Assessing Contaminant Mass Discharge Uncertainty With Application of Hydraulic Conductivities Derived From Geoelectrical Cross-Borehole Induced Polarization and Other Methods

Rasmus Thalund-Hansen*, Mads Troldborg, Léa Levy, Anders Vest Christiansen, Thue S. Bording, Poul L. Bjerg

*Corresponding author for this work

Research output: Contribution to journal/Conference contribution in journal/Contribution to newspaperJournal articleResearchpeer-review

Abstract

A new methodology was developed to support contaminant mass discharge (CMD)-based risk assessment of groundwater contamination downgradient of point source zones. Geoelectrical cross-borehole induced polarization (IP) data were collected at a site undergoing in situ remediation of chlorinated solvents for determining 2D hydraulic conductivity (K) distributions with an inversion model resolution of 0.15 m (vertically) x 0.50 m (horizontally) in three control planes from 10 to 20 m depth. Additionally, 18 slug tests and 31 grain size distribution analyses (GSA) from the control planes, were used for K-estimation. The geometric means and variance of the IP, slug test, and GSA derived K-estimates were consistent with previously studied sandy aquifers. Furthermore, the vertical variation in K between two geological settings, a sandy till and a meltwater sand formation, was clearly identified by the IP K-estimates. The vertical variation was backed up by hydraulic profiling tool (HPT) measurements. Random realizations of CMD were simulated based on the cross-borehole IP derived K-values. For comparison, the CMD was also estimated with a geostatistical conditional simulation approach, using the data from slug tests and GSAs. The high IP resolution captured the small scale variations in K across the transects and led to CMD predictions with a narrow uncertainty interval, whereas slug test and GSA either under- or overestimated the magnitude of the areas with the highest CMD. Applying the geophysical cross-borehole method for estimating K-distributions in addition to traditional methods would improve CMD-based risk assessment and evaluation of remediation performance at contaminated sites.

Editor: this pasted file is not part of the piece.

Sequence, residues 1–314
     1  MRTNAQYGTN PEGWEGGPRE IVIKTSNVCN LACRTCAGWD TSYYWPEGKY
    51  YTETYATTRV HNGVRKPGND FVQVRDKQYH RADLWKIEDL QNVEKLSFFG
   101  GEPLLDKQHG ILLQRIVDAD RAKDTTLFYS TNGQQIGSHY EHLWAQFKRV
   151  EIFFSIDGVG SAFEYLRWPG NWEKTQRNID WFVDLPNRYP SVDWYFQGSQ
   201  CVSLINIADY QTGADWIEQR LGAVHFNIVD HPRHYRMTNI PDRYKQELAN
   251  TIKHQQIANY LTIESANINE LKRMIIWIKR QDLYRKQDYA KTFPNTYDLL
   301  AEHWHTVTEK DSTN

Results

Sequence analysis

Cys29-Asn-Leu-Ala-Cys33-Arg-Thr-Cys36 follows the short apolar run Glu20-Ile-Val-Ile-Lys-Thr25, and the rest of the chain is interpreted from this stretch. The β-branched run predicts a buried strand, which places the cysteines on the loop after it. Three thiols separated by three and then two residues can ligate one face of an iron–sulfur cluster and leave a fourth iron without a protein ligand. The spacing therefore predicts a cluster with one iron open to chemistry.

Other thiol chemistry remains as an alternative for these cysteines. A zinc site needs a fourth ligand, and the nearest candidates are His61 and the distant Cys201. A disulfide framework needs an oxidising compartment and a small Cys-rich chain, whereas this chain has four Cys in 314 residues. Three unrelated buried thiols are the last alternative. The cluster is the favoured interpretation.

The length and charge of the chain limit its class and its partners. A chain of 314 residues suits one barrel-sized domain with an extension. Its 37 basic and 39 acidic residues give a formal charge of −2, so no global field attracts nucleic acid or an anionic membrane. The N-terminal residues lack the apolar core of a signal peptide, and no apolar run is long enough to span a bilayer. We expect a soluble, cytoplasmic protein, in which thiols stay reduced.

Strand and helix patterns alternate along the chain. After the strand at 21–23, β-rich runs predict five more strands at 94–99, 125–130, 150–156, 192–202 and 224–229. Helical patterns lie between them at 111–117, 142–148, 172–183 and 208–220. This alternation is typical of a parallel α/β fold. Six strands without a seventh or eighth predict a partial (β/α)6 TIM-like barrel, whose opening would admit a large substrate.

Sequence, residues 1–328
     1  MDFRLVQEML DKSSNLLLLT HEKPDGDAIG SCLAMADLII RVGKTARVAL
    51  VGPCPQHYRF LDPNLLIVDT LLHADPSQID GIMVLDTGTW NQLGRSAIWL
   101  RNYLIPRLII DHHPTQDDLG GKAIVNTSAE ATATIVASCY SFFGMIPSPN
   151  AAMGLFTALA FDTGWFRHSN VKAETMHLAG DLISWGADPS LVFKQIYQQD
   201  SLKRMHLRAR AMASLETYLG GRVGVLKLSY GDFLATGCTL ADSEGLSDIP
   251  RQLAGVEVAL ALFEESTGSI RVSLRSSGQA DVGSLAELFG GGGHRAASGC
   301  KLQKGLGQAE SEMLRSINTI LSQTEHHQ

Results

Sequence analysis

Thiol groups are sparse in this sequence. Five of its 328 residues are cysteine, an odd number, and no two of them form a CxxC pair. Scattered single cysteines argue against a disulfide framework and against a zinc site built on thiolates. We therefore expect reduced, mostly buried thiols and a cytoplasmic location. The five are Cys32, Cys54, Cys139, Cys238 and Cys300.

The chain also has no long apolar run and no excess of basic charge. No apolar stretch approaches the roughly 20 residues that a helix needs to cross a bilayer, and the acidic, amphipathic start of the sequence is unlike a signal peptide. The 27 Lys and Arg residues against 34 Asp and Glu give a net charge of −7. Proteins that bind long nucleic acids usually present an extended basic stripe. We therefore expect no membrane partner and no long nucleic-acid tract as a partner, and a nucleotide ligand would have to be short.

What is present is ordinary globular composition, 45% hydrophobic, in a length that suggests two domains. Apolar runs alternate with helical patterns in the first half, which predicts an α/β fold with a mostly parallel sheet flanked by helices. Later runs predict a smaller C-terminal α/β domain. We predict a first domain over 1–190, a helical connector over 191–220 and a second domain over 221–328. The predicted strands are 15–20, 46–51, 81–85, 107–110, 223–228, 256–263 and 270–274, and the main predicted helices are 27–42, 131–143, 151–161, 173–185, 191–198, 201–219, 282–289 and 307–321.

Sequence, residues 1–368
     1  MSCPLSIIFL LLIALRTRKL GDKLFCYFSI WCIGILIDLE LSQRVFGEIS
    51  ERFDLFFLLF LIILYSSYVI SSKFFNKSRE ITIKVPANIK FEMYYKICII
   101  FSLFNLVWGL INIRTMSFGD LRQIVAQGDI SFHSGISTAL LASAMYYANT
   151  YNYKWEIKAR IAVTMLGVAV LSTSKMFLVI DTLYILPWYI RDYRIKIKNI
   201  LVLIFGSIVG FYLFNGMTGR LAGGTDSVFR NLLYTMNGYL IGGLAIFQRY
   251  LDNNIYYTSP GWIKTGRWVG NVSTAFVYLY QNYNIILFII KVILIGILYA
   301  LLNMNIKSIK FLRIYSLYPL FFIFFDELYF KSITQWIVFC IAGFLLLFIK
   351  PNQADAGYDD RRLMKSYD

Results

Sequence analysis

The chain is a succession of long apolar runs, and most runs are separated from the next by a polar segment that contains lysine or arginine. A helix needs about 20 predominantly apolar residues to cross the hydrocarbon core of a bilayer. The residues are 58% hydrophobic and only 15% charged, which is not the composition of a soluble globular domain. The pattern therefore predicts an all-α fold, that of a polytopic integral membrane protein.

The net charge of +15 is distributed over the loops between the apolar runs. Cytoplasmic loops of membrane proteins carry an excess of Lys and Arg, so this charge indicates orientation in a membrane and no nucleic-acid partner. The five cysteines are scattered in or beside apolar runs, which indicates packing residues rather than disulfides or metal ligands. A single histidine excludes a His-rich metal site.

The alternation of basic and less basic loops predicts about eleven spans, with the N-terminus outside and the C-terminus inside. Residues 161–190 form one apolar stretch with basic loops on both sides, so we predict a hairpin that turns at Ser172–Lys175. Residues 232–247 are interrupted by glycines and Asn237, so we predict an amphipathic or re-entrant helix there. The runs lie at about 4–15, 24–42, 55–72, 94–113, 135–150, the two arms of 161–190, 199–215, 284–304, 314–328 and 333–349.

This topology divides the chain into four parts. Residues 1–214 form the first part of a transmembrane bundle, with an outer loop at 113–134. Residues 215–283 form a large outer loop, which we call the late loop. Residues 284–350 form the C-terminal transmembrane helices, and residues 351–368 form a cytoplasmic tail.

Original languageEnglish
Article numbere2022WR034360
JournalWater Resources Research
Volume59
Issue8
ISSN0043-1397
DOIs
Publication statusPublished - Aug 2023

Keywords

  • contaminant mass discharge
  • cross-borehole DCIP
  • hydraulic conductivity
  • hydrogeophysics

Fingerprint

Dive into the research topics of 'Assessing Contaminant Mass Discharge Uncertainty With Application of Hydraulic Conductivities Derived From Geoelectrical Cross-Borehole Induced Polarization and Other Methods'. Together they form a unique fingerprint.

Cite this